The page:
President Barack Obama sent Congress his fiscal year (FY) 2012 budget that would impose -- if enacted by Congress -- a reduction in farm program direct payments and a revision downward in eligibility levels to receive farm program payments. The budget would maintain full funding for export-market development programs and target conservation funding. Overall, the president proposes a 10-year deficit reduction of $1.1 trillion.

For the U.S. Department of Agriculture, the FY 2012 budget submission would reduce the current cap on mandatory farm-bill authorized direct payments to farmers by 25 percent -- from $40,000 per person per year to $30,000 per person per year -- and reduce the two commodity payment eligibility limits -- for farm and non-farm adjusted gross income -- each by $250,000 over three years, resulting in a budgetary decrease in mandatory agricultural spending of $2.5 billion over 10 years.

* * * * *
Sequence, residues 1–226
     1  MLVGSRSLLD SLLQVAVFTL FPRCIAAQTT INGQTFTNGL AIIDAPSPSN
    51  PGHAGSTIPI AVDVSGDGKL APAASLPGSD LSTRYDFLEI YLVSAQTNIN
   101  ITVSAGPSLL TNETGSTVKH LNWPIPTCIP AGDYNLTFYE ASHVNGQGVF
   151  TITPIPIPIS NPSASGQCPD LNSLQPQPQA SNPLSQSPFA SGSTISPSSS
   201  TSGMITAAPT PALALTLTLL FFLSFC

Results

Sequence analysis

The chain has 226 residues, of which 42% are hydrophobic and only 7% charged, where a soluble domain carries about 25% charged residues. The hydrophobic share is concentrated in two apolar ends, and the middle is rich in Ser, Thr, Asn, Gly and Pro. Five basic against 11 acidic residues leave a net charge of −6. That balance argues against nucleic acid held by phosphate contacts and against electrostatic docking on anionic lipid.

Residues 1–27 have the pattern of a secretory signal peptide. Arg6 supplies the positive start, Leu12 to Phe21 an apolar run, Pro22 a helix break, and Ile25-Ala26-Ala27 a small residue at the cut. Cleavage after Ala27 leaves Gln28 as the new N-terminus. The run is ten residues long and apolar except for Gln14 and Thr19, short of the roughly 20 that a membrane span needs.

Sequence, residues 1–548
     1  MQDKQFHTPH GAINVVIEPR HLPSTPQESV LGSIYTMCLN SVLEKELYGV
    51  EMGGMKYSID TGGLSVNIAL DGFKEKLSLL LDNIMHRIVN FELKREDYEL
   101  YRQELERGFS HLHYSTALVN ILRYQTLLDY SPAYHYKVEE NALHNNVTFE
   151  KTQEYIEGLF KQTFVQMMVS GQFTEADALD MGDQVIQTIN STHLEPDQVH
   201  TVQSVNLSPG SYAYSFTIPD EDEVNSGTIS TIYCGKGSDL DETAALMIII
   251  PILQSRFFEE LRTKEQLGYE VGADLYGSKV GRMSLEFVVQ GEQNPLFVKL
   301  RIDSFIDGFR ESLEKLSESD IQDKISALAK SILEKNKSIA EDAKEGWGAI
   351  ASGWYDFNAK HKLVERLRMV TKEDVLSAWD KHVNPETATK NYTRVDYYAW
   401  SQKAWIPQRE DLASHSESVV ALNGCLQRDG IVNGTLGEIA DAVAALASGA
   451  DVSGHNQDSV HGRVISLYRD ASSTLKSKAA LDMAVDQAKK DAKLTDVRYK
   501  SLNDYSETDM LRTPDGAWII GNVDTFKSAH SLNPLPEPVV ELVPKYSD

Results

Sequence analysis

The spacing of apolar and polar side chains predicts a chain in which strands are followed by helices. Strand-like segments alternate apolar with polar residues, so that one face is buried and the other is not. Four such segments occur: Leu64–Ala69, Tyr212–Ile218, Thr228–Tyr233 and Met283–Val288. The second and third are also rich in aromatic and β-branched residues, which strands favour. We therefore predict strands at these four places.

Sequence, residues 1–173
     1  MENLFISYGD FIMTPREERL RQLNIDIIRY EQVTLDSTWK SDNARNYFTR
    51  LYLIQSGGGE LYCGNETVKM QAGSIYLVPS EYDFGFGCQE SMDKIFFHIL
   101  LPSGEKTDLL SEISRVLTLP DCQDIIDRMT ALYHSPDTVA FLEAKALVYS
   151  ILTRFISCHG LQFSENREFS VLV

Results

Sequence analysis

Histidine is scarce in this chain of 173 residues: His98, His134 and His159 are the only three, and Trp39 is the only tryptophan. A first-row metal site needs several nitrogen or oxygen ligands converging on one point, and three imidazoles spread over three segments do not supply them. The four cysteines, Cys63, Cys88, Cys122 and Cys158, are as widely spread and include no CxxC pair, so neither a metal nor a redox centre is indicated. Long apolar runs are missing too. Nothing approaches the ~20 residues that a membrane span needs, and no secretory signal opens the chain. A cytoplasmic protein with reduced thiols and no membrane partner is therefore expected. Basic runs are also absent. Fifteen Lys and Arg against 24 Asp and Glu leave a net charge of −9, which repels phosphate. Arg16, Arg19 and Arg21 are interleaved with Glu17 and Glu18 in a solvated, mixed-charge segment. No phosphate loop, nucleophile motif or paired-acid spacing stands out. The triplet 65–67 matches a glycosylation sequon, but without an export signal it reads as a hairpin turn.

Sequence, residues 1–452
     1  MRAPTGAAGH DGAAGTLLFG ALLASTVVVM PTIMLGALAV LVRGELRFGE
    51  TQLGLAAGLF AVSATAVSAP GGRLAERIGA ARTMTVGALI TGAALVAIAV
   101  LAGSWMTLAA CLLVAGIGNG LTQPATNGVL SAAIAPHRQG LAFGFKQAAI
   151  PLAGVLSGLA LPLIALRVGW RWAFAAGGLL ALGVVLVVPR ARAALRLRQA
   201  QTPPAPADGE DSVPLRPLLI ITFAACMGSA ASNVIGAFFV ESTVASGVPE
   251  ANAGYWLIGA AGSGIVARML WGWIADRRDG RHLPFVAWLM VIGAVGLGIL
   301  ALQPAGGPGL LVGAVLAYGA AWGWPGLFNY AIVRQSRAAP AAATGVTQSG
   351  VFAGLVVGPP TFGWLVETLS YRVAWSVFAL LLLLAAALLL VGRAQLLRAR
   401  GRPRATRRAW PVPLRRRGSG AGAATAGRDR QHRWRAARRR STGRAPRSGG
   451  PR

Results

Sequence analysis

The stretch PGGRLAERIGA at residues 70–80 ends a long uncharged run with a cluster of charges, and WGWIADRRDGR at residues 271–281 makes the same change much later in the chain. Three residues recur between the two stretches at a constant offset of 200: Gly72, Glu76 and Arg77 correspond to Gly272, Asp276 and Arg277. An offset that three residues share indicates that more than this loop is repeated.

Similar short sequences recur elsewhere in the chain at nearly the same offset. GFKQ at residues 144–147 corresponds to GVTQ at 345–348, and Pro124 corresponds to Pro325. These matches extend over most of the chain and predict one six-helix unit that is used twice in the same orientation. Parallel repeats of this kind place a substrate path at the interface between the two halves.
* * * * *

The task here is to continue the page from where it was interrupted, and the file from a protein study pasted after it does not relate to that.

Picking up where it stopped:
"Direct payments are budget compliant, having been paid for in the Food, Conservation, and Energy Act of 2008," USA Rice Federation VP Government Affairs Reece Langley said. "Farm bill spending represents only 1.7 percent of all federal spending, with commodity programs spending comprising as little as one-fourth of one percent of the federal budget."

Proposed FY 12 conservation funding would apportion to the Wetlands Reserve Program resources to restore and protect 271,158 acres of wetlands and allocate to the Environmental Quality Incentives Program over $1.4 billion for conservation assistance.

Two-thirds of the budget's proposed overall reductions are from spending cuts.  The president would freeze non-security discretionary spending, which would reduce the deficit by over $400 billion over the next decade.  Discretionary spending at the U.S. Department of Agriculture would decrease by $3.2 billion next fiscal year, to $23.9 billion.  FY 2012 begins on Oct. 1.